In August 2018, Zhongshan commenced an investment treaty arbitration against Nigeria under the Bilateral Investment Treaty between the People's Republic of China and Nigeria (the China-Nigeria BIT). The Tribunal, chaired by Lord Neuberger, the former President of the UK Supreme Court, issued its Final Award in March 2021, finding Nigeria in breach of its obligations under the China-Nigeria BIT and awarding Zhongshan compensation of around USD70 million.
This decision highlights the advantage of investment treaty arbitration in providing recourse for Chinese investors to obtain compensation against host states where international law obligations have been violated. From an investor's perspective, three points are of particular note:
- Under international law, investment treaties typically protect against adverse actions of not only the host state government itself but also potentially some organs of the state, including local governments that have an independent existence in domestic law. Moreover, individuals and entities that are empowered under local law to exercise elements of governmental authority may be treated as part of the state. Accordingly, Zhongshan's case against Nigeria succeeded on account of the actions of the Ogun State in 2016 (including those carried out by the Nigeria police and immigration services) which the Tribunal held should be attributed to the state of Nigeria.
- Many investment treaties contain what is known as a "fork in the road" clause which requires an investor to choose between litigating its claims in the domestic courts of the host state or international arbitration – once chosen the choice of forum is generally irrevocable. Nigeria contended the domestic court proceedings brought by Zhongfu constituted a submission of "the dispute to a competent court" in Nigeria and that the Tribunal accordingly had no jurisdiction to determine Zhongshan's treaty claims. Although this argument was rejected, it is a timely reminder that investors should take great care when seeking domestic remedies in the host state to avoid losing the ability to pursue potential treaty claims in international arbitration.
- Having concluded that Zhongshan had successfully made out its case against Nigeria, the Tribunal allowed compensation to be assessed on a discounted cashflow basis. This meant Zhongshan was able to recover not only the money it had invested in the Zone over the years, but also the profit it would likely have made but for the state’s violation of its treaty obligations, which was calculated based on a projection over 20 years.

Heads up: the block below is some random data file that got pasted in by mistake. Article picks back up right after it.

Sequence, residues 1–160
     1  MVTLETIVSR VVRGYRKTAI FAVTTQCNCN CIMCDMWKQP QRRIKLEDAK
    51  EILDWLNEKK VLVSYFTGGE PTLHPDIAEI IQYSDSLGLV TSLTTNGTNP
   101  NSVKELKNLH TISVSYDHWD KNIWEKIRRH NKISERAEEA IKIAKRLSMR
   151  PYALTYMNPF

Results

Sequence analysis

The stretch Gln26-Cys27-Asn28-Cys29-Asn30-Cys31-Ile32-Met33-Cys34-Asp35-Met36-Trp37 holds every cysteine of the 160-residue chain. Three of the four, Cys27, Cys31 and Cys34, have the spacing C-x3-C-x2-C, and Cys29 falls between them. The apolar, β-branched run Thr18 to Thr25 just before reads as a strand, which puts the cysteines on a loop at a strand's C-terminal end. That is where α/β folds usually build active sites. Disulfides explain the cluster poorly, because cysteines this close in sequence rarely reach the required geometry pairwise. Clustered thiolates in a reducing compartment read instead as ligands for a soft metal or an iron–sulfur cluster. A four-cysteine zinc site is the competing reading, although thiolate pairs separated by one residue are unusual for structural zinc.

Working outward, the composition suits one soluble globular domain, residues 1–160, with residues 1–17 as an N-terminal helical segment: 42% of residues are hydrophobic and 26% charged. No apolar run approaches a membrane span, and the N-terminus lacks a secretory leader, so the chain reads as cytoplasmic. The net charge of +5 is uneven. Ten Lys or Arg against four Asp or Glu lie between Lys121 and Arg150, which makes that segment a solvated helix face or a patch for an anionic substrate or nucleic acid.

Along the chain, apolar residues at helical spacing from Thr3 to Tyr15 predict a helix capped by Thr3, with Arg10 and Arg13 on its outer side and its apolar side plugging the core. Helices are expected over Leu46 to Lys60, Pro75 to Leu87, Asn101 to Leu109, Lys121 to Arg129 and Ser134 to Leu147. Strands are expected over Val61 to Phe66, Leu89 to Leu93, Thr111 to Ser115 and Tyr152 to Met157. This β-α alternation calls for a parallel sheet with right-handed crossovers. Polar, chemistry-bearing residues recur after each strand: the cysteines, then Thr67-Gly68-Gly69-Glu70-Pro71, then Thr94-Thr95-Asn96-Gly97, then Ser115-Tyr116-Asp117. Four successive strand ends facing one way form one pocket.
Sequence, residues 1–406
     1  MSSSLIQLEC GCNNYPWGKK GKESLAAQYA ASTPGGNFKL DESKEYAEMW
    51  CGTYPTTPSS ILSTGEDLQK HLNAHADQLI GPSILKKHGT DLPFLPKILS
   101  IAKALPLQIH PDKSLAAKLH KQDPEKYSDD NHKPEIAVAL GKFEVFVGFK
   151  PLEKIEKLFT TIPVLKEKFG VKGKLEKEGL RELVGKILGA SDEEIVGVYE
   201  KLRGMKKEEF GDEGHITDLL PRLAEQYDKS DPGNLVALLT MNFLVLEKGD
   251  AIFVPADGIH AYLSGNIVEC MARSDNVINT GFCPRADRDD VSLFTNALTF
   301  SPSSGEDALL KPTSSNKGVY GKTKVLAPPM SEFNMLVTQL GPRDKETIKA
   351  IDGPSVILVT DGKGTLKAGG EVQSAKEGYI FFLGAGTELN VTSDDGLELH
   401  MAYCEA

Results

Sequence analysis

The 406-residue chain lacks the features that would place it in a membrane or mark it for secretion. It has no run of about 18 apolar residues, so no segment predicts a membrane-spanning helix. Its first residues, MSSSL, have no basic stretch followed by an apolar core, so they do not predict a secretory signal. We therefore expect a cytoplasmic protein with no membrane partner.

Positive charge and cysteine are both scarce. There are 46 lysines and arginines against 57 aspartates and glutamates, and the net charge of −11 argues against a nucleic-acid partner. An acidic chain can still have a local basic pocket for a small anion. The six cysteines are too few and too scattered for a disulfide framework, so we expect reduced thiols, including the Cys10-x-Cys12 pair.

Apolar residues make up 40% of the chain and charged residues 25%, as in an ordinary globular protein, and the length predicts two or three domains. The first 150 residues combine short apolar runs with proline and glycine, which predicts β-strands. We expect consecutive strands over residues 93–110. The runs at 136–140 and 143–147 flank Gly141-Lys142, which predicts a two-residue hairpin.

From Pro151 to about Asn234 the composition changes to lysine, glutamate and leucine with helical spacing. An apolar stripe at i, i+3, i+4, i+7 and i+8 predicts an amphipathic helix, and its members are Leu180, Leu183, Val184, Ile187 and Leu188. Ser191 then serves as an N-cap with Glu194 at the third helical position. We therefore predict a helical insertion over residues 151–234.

Further, in recognition of the egregious behaviour of the Nigerian police in 2016, the Tribunal awarded an additional sum of USD75,000 in moral compensation on account of their mistreatment of Mr Zhao, which it considered "represented an indefensible and serious infringement of his human rights, and a humiliating and frightening experience, lasting the best part of two weeks" (see paragraph 59 of the Final Award).
This is an emphatic decision by a distinguished and highly-respected arbitral tribunal. It is thought to be the first ever investment arbitration win by a mainland Chinese investor against an African state (if not more widely). Whilst the case may have turned heavily on its own facts, Zhongshan's success nonetheless underscores why Chinese investors should consider using China's extensive network of investment treaties in order to safeguard their business and investments abroad. Where appropriate, Chinese investors should avail themselves of their rights under international law by initiating investment treaty claims to seek compensation against host states.
To this end, a good understanding of China's investment treaties, the protections they confer, and the applicable dispute settlement mechanisms will go a long way to assisting Chinese investors in their efforts.
Please feel free to contact us if you have any questions or would like further information or training on how you can use investment treaties and international law to protect your investments.